Personally, growing up bilingual and attending school in educational spaces that emphasized English-only curriculum was challenging. Language is more than just a group of words necessary to express one’s thoughts and feelings. Language is the essence of one’s personal identity, the very fabric that makes each of us who we are. I have spent many years researching language and identity specifically emphasizing English-only language policies in classrooms and how those policies can negatively impact bilingual student’s educational experiences. This particular article is very general and brief; not reaching into the depth of English-only policies and culture. However, it’s purpose is to offer some basic guidelines on implementing some simple methods in dental and healthcare settings to improve effective and caring communication with bilingual patients.
Language is the essence of one’s identity in terms of culture, gender, ethnicity, and so on. Language through discourse identifies one as a member of a group; language is not neutral, and language is the very fabric of one’s personal and social identity.3- 7 Therefore, effective communication with bilingual patients in dental and healthcare is critically important.
Bilingual patients must feel a sense of trust and acceptance when communicating with dental and healthcare professionals. Taking the time to understand bilingual patients and establishing cultural acceptance by embracing bilingualism is essential. Bilingual patients can potentially feel more comfortable and be more compliant with dental/health recommendations and treatment if they feel as though they are genuinely cared for. Demonstrating caring is described as a critically important component of embracing bilingualism within society in general.1-3, 8, 9
The number of bilingual people has, and will, continue to increase in the United States; it is important that dental and healthcare professionals are prepared and educated to provide optimal and effective care to all patients.
General Guidelines to Improve Communication with Bilingual Patients
- Some bilingual patients may ask a family member or friend to accompany them to their dental/healthcare appointment. If this is the case, be sure to speak directly to the patient and not the friend or family member serving as their interpreter. Eye contact is a very important non-verbal cue that lets the patient know they have your full attention and you want to understand their needs and concerns.
- Ask the patient about their past dental and healthcare experiences; this is essential to understanding patients. For example, ask them if there is anything they would like to tell you about their experiences and if they have any questions or concerns regarding procedures for the appointment.
- Be sure the office or clinic has educational materials, medical history forms, and any other information readily available in different languages.
- Some bilingual patients may not have the opportunity to be accompanied by a friend or relative to serve as their interpreter. Dental and healthcare offices should employ bilingual staff to serve patients that speak minimal English or do not speak English.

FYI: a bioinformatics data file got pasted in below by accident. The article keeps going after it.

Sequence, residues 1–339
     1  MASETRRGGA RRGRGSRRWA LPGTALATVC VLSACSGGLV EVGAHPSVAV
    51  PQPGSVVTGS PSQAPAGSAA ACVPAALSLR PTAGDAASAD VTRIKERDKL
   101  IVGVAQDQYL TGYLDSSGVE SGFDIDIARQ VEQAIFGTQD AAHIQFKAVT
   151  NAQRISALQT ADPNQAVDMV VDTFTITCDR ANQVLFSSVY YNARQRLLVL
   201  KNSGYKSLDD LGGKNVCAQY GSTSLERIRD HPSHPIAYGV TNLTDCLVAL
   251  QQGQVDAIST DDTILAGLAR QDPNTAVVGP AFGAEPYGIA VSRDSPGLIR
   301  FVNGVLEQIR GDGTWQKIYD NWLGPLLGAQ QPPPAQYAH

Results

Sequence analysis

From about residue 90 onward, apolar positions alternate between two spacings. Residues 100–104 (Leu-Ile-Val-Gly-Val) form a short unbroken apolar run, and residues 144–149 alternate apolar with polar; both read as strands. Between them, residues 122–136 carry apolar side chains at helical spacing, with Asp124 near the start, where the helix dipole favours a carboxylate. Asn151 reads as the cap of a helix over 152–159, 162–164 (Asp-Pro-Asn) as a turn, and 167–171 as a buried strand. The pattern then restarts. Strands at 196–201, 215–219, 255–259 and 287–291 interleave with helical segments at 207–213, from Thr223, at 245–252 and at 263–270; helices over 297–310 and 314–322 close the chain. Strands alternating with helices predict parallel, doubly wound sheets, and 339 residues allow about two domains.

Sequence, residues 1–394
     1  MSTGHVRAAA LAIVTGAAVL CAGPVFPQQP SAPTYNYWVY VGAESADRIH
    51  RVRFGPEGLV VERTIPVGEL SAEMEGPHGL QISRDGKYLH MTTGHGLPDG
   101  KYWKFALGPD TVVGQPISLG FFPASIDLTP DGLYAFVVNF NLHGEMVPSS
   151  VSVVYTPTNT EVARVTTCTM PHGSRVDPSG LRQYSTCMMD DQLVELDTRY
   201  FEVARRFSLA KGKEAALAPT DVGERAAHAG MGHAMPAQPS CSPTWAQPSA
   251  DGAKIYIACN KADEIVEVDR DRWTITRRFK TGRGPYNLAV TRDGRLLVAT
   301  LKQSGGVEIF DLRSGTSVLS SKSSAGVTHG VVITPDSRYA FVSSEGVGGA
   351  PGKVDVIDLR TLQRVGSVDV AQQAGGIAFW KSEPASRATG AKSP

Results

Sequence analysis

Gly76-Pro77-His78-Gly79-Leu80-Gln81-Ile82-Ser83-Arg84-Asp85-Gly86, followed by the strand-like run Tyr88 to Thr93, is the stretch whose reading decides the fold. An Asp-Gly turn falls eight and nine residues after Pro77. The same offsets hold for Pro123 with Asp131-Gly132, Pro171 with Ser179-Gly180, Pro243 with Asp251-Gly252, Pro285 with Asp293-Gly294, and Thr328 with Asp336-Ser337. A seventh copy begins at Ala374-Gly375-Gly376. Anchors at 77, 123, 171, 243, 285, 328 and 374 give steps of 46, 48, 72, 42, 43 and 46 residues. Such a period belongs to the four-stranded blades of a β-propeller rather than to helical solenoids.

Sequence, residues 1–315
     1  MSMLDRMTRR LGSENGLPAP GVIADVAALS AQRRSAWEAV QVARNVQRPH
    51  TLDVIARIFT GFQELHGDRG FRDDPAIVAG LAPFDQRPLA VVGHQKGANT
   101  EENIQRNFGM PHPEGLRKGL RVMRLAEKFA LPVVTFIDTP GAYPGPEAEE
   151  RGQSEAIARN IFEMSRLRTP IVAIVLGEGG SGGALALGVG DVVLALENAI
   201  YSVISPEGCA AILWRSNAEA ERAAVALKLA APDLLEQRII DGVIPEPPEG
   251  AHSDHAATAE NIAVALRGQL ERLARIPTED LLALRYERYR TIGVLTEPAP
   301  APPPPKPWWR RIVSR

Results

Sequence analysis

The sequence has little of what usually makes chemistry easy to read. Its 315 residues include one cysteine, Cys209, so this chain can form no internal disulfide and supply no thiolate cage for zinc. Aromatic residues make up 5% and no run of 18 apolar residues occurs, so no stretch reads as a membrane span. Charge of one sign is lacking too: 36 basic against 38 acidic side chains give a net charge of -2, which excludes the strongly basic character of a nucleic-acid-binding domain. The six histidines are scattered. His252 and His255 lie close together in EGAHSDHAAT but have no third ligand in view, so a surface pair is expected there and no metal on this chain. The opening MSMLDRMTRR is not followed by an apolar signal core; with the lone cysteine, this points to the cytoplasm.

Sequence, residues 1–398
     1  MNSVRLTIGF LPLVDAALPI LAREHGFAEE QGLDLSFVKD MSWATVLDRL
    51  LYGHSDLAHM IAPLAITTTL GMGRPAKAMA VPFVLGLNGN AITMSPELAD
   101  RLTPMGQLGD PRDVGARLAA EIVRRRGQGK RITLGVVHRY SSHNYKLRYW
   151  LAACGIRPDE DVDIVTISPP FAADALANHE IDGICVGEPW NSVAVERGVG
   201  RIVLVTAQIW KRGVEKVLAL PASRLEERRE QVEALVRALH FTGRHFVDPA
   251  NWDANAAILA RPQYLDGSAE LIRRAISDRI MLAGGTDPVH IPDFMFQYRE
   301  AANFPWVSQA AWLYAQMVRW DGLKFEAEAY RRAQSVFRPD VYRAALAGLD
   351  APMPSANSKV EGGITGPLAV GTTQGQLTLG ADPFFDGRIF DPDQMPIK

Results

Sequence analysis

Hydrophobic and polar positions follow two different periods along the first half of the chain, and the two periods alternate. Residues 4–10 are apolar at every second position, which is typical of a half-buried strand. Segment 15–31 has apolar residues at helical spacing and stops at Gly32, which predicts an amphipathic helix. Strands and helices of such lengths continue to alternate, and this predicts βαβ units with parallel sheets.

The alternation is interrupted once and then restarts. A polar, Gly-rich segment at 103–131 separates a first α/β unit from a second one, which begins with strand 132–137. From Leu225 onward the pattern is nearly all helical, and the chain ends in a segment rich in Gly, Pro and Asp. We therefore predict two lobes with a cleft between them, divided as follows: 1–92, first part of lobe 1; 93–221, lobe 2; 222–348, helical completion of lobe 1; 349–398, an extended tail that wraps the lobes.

- When calling to confirm appointments, confirm the appointment in the patient’s native language; bilingual staff members can confirm these appointments to be sure the patients receive the message.
- Some dental and health science programs require students to enroll and complete a medical terminology course in Spanish or another language besides English. Taking a language course in Spanish, Portuguese, or another language is an important part of lifetime learning. Learning another language is beneficial for effective communication with bilingual patients and personally rewarding. If you are learning a second language, such as Spanish or Portuguese, do not worry about making mistakes when communicating with patients in those languages. Bilingual patients will generally appreciate that you are embracing their language and making efforts to improve communication. In some instances, the patient may actually speak English using the words that they know to assist with communication.
Following these general guidelines can improve bilingual patients experiences by making them feel cared for and understood. Considering the increase in the number of bilingual people immigrating to the United States, it is important to be prepared to effectively care for bilingual dental and healthcare patients by embracing language and culture.
- Bartolome, L. (2006). The Struggle for Language Rights: Naming and Interrogating the Colonial Legacy of “English Only” Human Architecture: Journal of the Sociology of the Self-Knowledge, 4(3), Article 5, 25-32, pp. 28, 31.
- Bartolome, L. (2008). Authentic Carino and Respect in Minority Education: The Political Ideological Dimensions of Love. International Journal of Critical Pedagogy, Volume 1(1), pp. 1-17.
- Darder, A. (1995). Culture and Difference. Bergin and Garvey: Westport, Connecticut.
- Fairclough, N. (2013). Critical Discourse Analysis: The Critical Study of Language. Routledge: New York, New York.
- Freire, P. (2011). Pedagogy of the Oppressed. Continuum Publications: New York, New York.
- Gee, J. P. (1989). Literacy, Discourse, and Linguistics: Introduction. Journal of Education, 171(1), pp. 5-17.
- Gee, J. P. (1996). Social Linguistics and Literacies: Ideology in Discourses. Taylor and Francis: Bristol, Pennsylvania.
- Macedo, D. (2003). The Hegemony of English. Paradigm Publishers: Boulder, Colorado.
- Valenzuela, A. (1999). Subtractive Schooling: U.S. Mexican Youth and the Politics of Caring. State University of New York Press: New York, New York.